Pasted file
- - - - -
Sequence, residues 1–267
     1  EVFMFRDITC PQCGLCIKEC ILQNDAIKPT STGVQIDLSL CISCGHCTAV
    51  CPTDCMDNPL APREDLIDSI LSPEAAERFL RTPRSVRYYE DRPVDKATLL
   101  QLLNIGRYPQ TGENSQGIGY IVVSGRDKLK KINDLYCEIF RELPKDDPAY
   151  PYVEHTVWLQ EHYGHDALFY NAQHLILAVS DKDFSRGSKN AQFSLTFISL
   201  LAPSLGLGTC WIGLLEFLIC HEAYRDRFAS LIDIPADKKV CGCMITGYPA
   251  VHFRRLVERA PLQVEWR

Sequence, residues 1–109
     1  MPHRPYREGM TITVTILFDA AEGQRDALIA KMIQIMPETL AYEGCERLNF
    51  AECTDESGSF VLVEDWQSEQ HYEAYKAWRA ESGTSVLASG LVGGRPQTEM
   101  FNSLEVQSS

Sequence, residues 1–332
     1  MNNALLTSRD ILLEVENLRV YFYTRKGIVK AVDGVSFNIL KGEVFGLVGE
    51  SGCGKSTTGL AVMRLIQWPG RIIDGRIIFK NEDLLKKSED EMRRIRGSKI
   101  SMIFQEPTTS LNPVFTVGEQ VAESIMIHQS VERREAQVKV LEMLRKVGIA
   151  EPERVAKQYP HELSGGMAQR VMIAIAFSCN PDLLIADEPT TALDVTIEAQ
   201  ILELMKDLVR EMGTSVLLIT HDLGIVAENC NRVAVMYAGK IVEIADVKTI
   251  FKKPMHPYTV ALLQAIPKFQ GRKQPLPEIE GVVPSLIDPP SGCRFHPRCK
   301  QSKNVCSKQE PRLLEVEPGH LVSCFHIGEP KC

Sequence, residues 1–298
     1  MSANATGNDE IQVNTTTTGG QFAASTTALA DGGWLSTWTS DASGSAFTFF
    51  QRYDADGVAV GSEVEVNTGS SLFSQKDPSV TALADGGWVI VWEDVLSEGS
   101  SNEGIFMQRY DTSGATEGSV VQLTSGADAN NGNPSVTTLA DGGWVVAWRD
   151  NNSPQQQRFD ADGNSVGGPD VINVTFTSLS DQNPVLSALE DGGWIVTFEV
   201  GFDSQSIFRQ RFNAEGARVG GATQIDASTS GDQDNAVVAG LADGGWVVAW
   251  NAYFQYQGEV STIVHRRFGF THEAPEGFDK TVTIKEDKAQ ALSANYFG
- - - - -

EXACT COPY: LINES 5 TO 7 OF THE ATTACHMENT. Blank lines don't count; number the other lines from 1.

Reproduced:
   151  PYVEHTVWLQ EHYGHDALFY NAQHLILAVS DKDFSRGSKN AQFSLTFISL
   201  LAPSLGLGTC WIGLLEFLIC HEAYRDRFAS LIDIPADKKV CGCMITGYPA
   251  VHFRRLVERA PLQVEWR